Each year for the past nine, I have celebrated the best of Vancouver theatre over the preceding twelve months. Being big on tradition, I present the best of Vancouver in 2017.

There are a couple of changes though. This year’s list includes shows picked by and in consultation with contributors Katie Gartlan-Close, David C Jones & Chelsey Stuyt. As it is near impossible to see and review everything our city has to offer, I am grateful to them for helping to cover as much of the local theatre scene as possible.

And rather than any attempt at ranking this year, I am simply going to list the ten best in alphabetical order. As with previous years, to once again prove how difficult it is to pick only ten, I also present a bonus five which also deserve mention (and another five who would normally not be recognized in my annual list).

As always, I am grateful to the Vancouver and touring companies who continue to invite me and my fellow writers to see their shows.

I encourage you to make a New Year’s resolution to go see some live theatre in 2018. Our city is lucky to have such a vibrant arts scene, but they cannot do it without you, the audience.

A Little Night Music (Patrick Street Productions)

A sophisticated bedroom farce: A Little Night Music (Patrick Street Productions) – there is a reason this one found a home in both New Westminster and Richmond this year. Its superb orchestra and wonderful performances brought this Sondheim musical to life.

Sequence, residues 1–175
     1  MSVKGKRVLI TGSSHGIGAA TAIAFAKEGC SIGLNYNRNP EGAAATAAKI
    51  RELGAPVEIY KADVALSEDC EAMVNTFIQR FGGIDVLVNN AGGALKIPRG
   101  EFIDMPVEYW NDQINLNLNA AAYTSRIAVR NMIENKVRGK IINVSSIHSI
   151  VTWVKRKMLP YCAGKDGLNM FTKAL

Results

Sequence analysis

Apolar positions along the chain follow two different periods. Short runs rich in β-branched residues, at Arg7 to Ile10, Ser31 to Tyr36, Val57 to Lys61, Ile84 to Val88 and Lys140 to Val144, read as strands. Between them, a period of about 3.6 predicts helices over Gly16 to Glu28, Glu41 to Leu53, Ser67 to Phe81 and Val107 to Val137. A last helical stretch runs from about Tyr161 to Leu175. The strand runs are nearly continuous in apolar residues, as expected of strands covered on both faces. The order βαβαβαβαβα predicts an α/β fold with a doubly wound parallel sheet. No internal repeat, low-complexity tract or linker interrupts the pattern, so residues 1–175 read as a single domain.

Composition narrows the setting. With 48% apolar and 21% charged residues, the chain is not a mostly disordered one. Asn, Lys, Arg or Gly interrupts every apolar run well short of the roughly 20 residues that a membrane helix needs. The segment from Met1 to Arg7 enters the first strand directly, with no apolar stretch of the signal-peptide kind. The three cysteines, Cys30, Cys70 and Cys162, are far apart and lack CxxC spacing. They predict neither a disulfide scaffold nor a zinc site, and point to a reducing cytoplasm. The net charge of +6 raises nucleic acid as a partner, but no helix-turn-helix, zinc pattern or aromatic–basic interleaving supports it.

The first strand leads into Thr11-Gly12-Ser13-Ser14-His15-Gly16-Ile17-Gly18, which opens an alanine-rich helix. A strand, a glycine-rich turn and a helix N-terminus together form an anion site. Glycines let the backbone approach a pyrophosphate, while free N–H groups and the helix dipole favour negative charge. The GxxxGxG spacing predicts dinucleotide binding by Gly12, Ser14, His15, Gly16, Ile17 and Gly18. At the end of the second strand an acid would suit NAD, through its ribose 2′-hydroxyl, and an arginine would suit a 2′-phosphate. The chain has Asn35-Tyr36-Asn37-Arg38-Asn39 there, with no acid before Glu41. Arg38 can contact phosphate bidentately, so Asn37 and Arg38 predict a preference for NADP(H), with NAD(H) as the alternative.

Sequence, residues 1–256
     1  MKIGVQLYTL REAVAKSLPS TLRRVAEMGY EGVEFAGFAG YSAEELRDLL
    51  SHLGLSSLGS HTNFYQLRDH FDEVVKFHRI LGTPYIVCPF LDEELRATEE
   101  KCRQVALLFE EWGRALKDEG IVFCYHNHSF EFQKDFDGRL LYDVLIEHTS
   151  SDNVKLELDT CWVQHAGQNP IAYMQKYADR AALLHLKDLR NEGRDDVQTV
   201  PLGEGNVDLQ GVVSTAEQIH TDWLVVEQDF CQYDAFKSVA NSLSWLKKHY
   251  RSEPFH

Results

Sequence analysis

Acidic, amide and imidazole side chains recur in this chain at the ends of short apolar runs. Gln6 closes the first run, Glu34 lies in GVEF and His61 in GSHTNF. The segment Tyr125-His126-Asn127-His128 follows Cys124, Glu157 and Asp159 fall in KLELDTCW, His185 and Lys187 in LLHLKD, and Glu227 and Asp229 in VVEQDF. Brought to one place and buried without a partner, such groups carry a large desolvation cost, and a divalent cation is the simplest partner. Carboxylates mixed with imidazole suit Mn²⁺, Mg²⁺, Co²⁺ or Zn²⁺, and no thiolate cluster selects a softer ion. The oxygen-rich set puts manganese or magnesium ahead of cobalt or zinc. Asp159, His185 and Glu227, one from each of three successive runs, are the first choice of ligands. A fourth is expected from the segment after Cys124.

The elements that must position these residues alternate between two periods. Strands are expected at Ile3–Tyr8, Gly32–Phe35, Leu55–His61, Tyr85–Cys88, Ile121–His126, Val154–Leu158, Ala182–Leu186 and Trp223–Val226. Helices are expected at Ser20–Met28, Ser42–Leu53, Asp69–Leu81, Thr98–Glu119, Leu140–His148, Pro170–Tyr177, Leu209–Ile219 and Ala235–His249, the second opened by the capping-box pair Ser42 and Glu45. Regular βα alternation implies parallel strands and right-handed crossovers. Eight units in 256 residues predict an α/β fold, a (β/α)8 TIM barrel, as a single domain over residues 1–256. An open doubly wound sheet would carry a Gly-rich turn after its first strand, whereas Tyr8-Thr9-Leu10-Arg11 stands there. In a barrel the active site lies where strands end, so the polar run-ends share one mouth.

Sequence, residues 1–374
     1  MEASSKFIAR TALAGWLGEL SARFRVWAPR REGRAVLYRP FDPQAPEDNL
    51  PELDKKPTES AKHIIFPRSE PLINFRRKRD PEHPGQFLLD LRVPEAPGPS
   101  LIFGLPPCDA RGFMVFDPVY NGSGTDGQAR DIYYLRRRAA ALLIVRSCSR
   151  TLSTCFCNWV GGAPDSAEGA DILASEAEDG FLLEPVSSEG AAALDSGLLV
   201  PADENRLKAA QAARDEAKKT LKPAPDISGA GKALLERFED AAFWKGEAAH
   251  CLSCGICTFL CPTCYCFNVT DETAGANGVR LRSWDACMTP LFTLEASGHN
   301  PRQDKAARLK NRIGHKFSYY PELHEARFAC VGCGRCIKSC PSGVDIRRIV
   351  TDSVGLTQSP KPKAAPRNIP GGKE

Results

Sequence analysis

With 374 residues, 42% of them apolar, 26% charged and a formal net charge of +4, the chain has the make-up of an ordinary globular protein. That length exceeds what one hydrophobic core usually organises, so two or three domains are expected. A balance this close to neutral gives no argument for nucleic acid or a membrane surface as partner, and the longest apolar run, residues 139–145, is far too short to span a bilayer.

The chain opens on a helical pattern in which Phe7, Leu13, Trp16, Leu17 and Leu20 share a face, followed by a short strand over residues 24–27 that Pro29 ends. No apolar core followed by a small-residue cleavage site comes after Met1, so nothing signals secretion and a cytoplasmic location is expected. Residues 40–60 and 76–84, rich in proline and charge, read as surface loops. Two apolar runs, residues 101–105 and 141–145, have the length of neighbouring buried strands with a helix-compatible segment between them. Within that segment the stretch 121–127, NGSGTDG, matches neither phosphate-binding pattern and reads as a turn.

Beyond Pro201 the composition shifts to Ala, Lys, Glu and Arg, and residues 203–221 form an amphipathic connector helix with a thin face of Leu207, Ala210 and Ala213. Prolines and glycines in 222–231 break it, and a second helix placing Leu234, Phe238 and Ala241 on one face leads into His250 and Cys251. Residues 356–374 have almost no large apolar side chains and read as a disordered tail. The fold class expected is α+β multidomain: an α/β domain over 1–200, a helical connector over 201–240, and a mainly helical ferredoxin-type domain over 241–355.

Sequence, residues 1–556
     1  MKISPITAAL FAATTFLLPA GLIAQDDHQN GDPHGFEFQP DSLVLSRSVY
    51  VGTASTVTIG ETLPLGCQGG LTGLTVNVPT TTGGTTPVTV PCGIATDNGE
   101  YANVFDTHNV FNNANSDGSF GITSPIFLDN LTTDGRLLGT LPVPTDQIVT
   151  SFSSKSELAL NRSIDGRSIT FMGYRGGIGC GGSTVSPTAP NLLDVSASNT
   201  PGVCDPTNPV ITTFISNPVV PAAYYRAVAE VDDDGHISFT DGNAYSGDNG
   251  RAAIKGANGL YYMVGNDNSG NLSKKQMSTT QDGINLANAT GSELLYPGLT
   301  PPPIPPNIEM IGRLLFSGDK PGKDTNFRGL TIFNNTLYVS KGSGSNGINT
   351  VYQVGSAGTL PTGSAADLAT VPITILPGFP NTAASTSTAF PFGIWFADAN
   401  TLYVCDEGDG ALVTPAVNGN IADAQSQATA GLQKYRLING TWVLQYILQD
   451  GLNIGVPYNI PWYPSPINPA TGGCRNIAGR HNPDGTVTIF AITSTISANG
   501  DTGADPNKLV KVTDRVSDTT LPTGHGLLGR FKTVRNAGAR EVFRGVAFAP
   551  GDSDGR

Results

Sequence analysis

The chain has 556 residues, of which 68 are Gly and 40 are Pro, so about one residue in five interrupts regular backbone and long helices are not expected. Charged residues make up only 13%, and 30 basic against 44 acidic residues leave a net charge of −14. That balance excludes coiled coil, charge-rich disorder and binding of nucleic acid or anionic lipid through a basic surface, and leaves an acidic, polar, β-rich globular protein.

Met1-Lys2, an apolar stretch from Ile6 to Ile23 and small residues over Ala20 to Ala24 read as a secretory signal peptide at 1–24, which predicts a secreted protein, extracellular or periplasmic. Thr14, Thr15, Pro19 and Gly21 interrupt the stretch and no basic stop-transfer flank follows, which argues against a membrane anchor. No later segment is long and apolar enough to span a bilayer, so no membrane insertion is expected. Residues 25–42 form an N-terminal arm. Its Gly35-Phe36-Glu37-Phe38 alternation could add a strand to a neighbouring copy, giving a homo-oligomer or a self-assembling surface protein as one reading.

A Little Night Music
A Little Night Music

Angels in America Part One & Two – (Arts Club Theatre Company)

An angelic double-header:  Angels in America Part One: Millennium Approaches & Angels in America Part Two: Perestroika (Arts Club Theatre Company) – with its seven hour run-time combined, Angels in America is a workout for both audience and actor. Under Kim Collier’s guidance though, the 25th anniversary productions of Tony Kushner’s epic plays were heaven-sent.

Lois Anderson in Angels in America, Part Two: Perestroika. Photo by David Cooper
Lois Anderson in Angels in America, Part Two: Perestroika. Photo by David Cooper

Circle Game (Firehall Arts Centre)

Joni never sounded so good: Circle Game (Firehall Arts Centre) – I declared this one a perfect show. And while it may be more concert than musical theatre, it is hard to ignore perfection.

The cast of Circle Game: Reimaging the Music of Joni Mitchell. Photo by Emily Cooper.
The cast of Circle Game: Reimaging the Music of Joni Mitchell. Photo by Emily Cooper.

Corleone: The Shakespearean Godfather (Classic Chic Productions)

An offer we could not refuse: Corleone: The Shakespearean Godfather (Classic Chic Productions) – this isn’t the first time Classic Chic Productions has hit our best list. Once again they brought us a compelling story with an all-female cast, in which Nicola Lipman made for an imposing Godfather.

Members of the cast of Corleone: The Shakespearean Godfather. Photo by Ron Reed.
Members of the cast of Corleone: The Shakespearean Godfather. Photo by Ron Reed.

The Drowsy Chaperone (Theatre Under the Stars)

TUTS grows up: The Drowsy Chaperone (Theatre Under the Stars) – two-for-two this summer with a spectacular production of Mary Poppins, it was this more adult fare which edged out the kid’s show for a place on our list.

The cast of the Theatre Under the Stars production of The Drowsy Chaperone. Photo by Tim Matheson.
The cast of the Theatre Under the Stars production of The Drowsy Chaperone. Photo by Tim Matheson.

The Fighting Season (Bleeding Heart Theatre)